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Readers e-mail – who’s impacted by these 1890, 1850 & 0818 numbers

which? logoThis e-mail came through from a user of the SayNoTo1890.com website in the recent past.

Came across your website after seeing Which? article about saynoto0870.com. My bugbear is Sky customer services 0818 number – I had 4 hours of phone calls to them (trying to fix problem they caused with their new viewing cards!) If I had an ordinary national or local number I wouldn’t have had to pay anything as I have free national (except 0818 of course) and local calls tariff with eircom. The nice Glaswegian girl in Sky did try and find one. She gave me an 0845 number and told me it was only a local call rate(!!), but came up empty for Ireland. Another one is the 1850 373 772 for ESB public lighting section – I do my civic duty and reports light out and get charged for it. The nice Cork girl at the ESB couldn’t find a ‘normal’ number for me.

I didn’t realise the full consequences of the 1890 numbers, which the company I work for use. I don’t think we realise the latest consequences of our locall numbers.

Do businesses (who are the majority users of our locall numbers) suffer as much with the charging structure of 1890 as private customers? If you say they do, then I’ll certainly highlight your website and 1890 consequences with our marketing and customer service departments, as our intention is to provide a local cost service to our business clients and we’re not making any money from offering the 1890 numbers, so it must be the phone companies!

sky logoThere is no distinction between business and personal phone callers when using 1890 phone numbers – what does impact on all users of these numbers is the phone package that they’re on.

If they have a phone package with inclusive minutes, then these 1890, 1850 and 0818 numbers will cost those calling the numbers. In fact, it will cost significantly more than even if they were to call an 01 number without the inclusive minutes – sometimes up to 30c per minute.

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0818 numbers being wrongly advertised as 1890

In the past, I’ve written how some unscrupulous companies may try to con potential callers by advertising their 0818 numbers in a way that makes them look harmless – i.e. 081 8. A recent trend I’m seeing these days is for companies to falsely advertise 0818 number as Lo Call numbers. While some people may not get the difference, they’re two completely distinct numbers – as detailed on the FAQ page here. This picture shows such a false advertising sign, though I do apologies it’s hard to make out.

If you're reading this, you're probably on a PC with internet filtering, or a poor connections, so you're missing a picture of Dublin City Council claiming 0818 number is Locall

What is an 1890 number?

An 1890 number is known as a LoCall number. It was devised to allow customers call businesses from all over the country, but for a flat local rate. So, you could call a business in Dublin for the same cost as calling a business around the corner.

What is an 0818 number?

An 0818 number is known as a National Call number. This type of phone number was devised to allow businesses charge an extra small premium above the regular cost of the call.

The different costs associated with 0818 and 1890 numbers are available here on the Costs page – in some cases there’s little difference, but there can be big differences depending on your operator.

I personally have a big problem with 0818 numbers. If a consumer is planning on dealing with a business, why should they have t0o pay a premium cost on their phone call costs just to find out more. I’ll personally stay away from any business that provides an 0818 contact number – particularly for sales, never mind customer support.

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Note for those submitting numbers to SayNoTo1890.com

saynoto1890 iconJust a note to some people who think that SayNoTo1890.com can be used for free advertising. If you think about it, being listed on this site is really a reason for shame rather than self-promotion.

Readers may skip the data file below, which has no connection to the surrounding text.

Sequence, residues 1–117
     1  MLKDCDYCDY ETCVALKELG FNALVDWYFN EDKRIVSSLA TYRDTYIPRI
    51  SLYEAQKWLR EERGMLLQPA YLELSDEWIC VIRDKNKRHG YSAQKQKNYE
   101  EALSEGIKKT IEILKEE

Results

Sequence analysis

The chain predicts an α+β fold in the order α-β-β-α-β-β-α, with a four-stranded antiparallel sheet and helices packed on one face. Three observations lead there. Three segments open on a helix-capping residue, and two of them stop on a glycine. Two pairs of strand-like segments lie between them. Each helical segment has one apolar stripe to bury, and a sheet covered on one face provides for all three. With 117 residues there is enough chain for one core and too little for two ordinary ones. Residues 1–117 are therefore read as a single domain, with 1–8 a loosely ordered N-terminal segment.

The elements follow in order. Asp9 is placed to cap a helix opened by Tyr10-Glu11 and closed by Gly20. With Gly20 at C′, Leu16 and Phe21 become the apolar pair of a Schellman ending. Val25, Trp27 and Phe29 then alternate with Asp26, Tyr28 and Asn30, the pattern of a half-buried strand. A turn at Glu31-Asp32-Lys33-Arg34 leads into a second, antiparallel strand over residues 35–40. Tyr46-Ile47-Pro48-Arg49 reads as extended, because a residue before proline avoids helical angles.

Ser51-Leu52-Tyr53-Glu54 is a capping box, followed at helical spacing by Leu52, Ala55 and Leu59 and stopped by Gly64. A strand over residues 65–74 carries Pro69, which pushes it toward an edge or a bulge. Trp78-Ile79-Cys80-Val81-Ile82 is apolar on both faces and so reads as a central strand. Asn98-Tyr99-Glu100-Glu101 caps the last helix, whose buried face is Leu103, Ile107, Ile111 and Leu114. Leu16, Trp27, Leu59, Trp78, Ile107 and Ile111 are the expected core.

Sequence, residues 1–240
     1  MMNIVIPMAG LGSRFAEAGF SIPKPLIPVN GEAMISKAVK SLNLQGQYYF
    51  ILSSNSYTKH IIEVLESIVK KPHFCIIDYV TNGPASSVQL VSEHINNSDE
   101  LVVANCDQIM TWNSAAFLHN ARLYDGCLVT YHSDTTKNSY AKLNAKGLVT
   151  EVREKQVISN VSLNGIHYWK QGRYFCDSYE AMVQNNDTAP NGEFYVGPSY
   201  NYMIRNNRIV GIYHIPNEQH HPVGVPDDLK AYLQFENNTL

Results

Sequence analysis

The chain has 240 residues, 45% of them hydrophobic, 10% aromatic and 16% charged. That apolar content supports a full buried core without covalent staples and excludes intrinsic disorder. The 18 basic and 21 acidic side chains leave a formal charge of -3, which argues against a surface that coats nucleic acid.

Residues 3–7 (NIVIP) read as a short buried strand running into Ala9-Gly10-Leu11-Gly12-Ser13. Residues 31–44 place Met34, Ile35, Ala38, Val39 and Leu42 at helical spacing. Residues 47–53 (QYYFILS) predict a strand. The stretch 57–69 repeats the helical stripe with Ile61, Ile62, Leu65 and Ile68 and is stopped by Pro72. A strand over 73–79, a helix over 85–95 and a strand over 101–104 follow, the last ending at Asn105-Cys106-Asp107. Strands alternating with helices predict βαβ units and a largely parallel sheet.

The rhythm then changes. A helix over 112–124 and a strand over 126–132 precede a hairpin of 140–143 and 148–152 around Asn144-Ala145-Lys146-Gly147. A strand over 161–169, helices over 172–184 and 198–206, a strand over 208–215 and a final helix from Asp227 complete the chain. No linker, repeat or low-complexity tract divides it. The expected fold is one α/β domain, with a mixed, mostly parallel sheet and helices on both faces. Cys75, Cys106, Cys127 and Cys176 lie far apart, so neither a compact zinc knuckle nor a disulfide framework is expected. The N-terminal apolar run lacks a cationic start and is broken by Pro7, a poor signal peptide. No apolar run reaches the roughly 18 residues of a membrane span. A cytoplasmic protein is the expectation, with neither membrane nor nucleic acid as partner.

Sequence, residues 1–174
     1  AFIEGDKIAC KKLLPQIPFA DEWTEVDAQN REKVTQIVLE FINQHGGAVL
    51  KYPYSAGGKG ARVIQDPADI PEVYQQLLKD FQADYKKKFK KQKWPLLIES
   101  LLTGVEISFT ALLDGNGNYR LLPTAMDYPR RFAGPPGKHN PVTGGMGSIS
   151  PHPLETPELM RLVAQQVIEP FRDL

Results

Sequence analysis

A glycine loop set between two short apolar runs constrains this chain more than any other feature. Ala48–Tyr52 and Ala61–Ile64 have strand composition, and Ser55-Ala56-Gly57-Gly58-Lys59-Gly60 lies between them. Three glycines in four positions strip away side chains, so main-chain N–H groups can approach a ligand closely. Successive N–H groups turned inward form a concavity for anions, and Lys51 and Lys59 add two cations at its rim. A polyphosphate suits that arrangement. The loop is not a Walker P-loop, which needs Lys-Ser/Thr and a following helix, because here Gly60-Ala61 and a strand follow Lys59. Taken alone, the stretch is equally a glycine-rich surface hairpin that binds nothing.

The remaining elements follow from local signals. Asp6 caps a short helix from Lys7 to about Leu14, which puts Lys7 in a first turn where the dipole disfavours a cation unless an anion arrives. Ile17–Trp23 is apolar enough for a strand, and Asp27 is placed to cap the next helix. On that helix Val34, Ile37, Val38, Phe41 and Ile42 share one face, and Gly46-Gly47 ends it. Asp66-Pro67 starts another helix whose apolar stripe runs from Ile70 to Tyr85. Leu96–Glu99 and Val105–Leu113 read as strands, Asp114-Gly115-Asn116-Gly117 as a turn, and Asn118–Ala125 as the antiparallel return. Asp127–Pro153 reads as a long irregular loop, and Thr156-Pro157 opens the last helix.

If you’re a company that only provides an 1890, 1850 or 0818 number (or makes it almost impossible to find a geographical alternative), and thereby makes it more expensive for many of your companies to contact you, then you’re pretty much failing at your customer service.

So, if you’re a company that doesn’t actually have an 1890, 1850 or 0818 number, then there’s really no point e-mailing me your phone number to get it listed here – we don’t need it as people can already find it on your website.

Thanks.

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Reasons from one company why they only provide 1890 numbers for their customers

imagine_communications_logoThis information come to light in a Google Alert recently. It shows two reasons why Imagine WiMax won’t provide their customers with a geographical alternative for their 1890 customer care numbers.

Their first response to a customer query was:

The reason we have an 1890 number is because this number is charged at a flat rate for everyone in the country. So no matter where in Ireland you are calling from or what call package you have, it is a flat rate price. We feel this is the fairest option for everyone. Thanks.

When further pressed, they then came up with this plainly ridiculous excuse:

Hi Kevin, in the past we have used free phone and geo numbers as our main contact numbers however it leads to a lot of prank and irrelevant calls, basically people dial the number just because its free and block the lines for genuine calls. So the reason we and all other Telecoms provider don’t use geo numbers is to ensure the calls we receive are relevant and can be dealt with effectively.

And they then have the cheek to say “hope this helps”. Yeah, you hope it helps that it costs your customers more money than necessary to call you up. Nice!

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Bank of Ireland changing from 1890 to 0818 number for Banking 365

bank of ireland logoJust noticed this on the Bank Of Ireland website

If calling from your mobile, the new number for Bank of Ireland phone banking services is 0818 365 365. If you are calling from a landline, however, you can still use 1890 365 365.

From 8th September 2010, customers will only be able to reach us from a mobile by using this new number – 0818 365 365, while landline users will still be able to use 1890.

Since calls from mobiles to a 1890 number are significantly more expensive to operate, the Bank has followed other major companies and introduced a new ‘telenumber’ to cater for these calls. In most cases there will be no difference in cost to customers calling from their mobile since mobile operators generally charge the same for a 1890 call as a 0818 call. However, you should check with your mobile service provider for more information on your own charges.

To paraphrase Bank Of Ireland here:

We’re using an 0818 number instead of 1890 for customers calling from mobile numbers (the growing majority of our customers since numbers of landlines are falling) so that we can make money off our customers even as they call us for our help.